“Yet despite this and the many incredible case studies we have seen as part of this inquiry, there is a lack of a credible agenda to harness the power of culture and sport across government. More needs to be done to co-ordinate and invest in community initiatives, share evidence of success and encourage others to emulate examples of best practice.
I would also like to record the Committee’s recognition of the value of the work done by volunteers that give so many people the opportunity to take part in programmes across the country.”
Wave Leisure Trust is one such social enterprise that offers active programmes. Focused on being at the heart of the improvement of health and wellbeing in their community, they cater for well over one million visitors a year and aim to promote an active lifestyle through the provision of a range of physical activities. CEO Duncan Kerr told us:
“While Wave is recognised as award-winning when it comes to managing leisure centres, our passion and drive is focused on whole-of-life impact, working in communities, promoting positive experiences, good health and wellbeing choices as well as community cohesion and social inclusion.”
“Working with people across the generations has enabled us to engage with those who are considered to be most at risk in a number of areas, including: long-term health conditions, social isolation and poor lifestyle choices including criminal activity.
Talking about Wave’s Active Schools Programme, Liz Allsobrook, Wave’s Head of Community and Health Improvement states: “Our work has enabled us to engage with children and young people at risk of dropping out of education by taking them to learn in an alternative environment through the Active Schools Programme. These programmes link sport and physical activity with curriculum science, history, geography and the arts as well as showcasing positive role models and supporting emotional, mental and physical wellbeing. Our participants demonstrate improved educational attainment, better health choices and reduce poor behaviour.”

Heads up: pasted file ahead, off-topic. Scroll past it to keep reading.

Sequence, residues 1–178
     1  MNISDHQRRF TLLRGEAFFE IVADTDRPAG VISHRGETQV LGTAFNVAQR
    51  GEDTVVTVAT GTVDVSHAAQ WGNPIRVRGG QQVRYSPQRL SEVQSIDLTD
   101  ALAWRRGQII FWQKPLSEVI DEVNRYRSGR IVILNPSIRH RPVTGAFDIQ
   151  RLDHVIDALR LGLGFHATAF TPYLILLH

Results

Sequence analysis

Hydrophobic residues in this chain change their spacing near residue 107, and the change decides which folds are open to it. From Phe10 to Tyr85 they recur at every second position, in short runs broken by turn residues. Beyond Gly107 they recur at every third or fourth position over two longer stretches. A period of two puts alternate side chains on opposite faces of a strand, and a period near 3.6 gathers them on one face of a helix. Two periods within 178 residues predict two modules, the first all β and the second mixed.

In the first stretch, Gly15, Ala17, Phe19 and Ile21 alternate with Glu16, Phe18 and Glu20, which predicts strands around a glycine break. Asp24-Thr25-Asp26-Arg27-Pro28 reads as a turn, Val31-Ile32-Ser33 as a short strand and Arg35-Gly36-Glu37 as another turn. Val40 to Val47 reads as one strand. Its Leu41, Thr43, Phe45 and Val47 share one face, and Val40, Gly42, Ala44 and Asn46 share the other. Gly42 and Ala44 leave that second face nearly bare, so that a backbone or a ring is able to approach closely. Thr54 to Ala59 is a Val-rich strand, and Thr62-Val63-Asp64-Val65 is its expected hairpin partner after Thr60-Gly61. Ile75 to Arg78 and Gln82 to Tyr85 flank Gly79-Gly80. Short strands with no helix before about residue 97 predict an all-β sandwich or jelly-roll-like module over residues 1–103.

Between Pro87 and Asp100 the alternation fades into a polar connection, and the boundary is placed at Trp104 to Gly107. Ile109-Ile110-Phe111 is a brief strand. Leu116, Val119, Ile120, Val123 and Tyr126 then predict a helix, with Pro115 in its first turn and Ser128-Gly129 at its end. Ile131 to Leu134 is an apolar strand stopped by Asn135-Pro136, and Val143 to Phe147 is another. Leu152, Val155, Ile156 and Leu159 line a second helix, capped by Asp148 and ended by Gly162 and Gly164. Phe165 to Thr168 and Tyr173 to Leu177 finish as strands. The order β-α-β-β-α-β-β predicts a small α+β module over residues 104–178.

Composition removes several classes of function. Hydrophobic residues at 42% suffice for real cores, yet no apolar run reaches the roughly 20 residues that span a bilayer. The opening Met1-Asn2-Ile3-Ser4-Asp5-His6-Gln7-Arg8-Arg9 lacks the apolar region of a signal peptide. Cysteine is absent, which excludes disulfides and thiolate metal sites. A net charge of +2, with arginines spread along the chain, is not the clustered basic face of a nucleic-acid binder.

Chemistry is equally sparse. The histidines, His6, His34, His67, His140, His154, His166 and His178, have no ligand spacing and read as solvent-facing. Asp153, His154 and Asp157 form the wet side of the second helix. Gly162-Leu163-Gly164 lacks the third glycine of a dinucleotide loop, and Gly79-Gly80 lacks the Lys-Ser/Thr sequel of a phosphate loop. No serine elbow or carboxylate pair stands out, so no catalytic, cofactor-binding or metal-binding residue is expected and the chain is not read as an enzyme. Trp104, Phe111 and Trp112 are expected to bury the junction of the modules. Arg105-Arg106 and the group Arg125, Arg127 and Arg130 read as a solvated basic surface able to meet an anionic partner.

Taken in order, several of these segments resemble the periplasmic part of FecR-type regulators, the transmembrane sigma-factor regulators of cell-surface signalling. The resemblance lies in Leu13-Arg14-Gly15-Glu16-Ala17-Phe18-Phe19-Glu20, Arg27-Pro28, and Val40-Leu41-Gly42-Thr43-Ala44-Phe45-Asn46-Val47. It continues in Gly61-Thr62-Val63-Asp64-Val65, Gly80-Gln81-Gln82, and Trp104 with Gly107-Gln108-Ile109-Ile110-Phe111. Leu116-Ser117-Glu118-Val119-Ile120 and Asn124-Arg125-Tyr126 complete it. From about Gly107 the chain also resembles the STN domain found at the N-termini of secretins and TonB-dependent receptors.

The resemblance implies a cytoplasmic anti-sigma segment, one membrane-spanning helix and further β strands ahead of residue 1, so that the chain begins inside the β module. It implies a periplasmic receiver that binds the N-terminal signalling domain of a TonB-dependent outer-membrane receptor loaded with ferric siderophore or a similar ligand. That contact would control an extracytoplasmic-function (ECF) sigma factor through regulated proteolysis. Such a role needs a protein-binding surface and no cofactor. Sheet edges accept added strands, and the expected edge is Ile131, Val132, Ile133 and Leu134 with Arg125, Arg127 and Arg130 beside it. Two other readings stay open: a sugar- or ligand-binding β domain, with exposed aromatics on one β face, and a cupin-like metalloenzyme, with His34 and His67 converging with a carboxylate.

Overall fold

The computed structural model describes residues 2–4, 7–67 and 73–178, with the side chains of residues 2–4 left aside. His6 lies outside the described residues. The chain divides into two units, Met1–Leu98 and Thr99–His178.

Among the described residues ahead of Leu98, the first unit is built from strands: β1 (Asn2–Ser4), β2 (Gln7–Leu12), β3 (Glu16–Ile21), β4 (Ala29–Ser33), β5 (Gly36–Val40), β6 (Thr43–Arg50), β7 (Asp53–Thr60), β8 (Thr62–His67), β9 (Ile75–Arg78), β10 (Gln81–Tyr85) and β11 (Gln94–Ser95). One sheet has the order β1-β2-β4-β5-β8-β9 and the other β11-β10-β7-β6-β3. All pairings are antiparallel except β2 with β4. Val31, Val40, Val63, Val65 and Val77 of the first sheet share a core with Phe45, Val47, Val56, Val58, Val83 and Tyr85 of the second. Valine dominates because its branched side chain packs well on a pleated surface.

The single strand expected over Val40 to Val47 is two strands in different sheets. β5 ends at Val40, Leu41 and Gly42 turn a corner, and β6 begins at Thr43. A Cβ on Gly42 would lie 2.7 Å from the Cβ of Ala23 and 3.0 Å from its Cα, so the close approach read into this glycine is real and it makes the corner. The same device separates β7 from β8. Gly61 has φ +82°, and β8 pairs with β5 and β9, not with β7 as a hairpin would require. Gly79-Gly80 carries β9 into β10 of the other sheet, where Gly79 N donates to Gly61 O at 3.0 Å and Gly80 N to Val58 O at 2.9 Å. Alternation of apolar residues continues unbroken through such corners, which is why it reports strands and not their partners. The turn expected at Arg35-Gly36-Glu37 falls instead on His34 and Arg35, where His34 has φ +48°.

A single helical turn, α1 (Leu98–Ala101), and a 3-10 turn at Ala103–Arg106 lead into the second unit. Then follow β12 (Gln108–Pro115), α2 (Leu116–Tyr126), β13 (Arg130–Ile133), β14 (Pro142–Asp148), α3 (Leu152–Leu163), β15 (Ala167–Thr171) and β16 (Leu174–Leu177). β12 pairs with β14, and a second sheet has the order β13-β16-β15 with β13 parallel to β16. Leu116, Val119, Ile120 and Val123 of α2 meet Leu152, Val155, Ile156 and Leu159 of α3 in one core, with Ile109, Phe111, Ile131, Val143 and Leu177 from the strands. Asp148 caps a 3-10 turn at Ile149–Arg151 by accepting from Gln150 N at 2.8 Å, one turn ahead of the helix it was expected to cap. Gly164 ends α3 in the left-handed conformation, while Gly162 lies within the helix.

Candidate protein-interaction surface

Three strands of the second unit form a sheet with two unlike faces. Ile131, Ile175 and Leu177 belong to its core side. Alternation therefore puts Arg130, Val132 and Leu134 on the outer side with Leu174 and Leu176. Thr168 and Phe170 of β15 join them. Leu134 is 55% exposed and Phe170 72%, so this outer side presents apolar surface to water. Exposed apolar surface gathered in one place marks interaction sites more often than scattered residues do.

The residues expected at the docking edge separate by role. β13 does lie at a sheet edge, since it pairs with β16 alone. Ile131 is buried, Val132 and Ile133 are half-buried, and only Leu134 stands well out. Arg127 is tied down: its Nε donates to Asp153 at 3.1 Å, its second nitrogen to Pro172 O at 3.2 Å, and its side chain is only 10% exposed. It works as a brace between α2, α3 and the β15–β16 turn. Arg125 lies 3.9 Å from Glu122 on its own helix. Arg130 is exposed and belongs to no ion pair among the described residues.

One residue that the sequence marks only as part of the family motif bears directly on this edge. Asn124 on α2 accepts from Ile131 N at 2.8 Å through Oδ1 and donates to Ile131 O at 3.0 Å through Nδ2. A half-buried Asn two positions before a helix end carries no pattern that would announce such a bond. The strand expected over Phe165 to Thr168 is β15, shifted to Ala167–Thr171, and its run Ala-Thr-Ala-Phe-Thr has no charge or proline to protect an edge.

“Working with those who often don’t have opportunities to engage in successful and positive experiences also helps prevent them from entering into the criminal justice system. It can also contribute to increased confidence, self-esteem and generally make people feel better about themselves and become part of a community which supports one another, through team work and encouragement.
“Sport and physical activity is a tool which can truly impact community safety and an area’s educational attainment and health and wellbeing profile. It is undervalued however and not recognised for its achievements and the opportunities it creates for cross-sector and departmental workings at local and national level. This includes within its own sector where leisure centres are often seen as a space for hire, not recognising the skill and knowledge of staff who regularly are working with these targeted and disengaged groups.
“To truly value the impact of local leisure trusts means not just focusing on measures which demonstrate savings to local authority budgets for managing facilities, or how many attendances have been made within a swimming pool, but recognising the effects of participation within open access and targeted activity and the real life changes it can bring to people and places."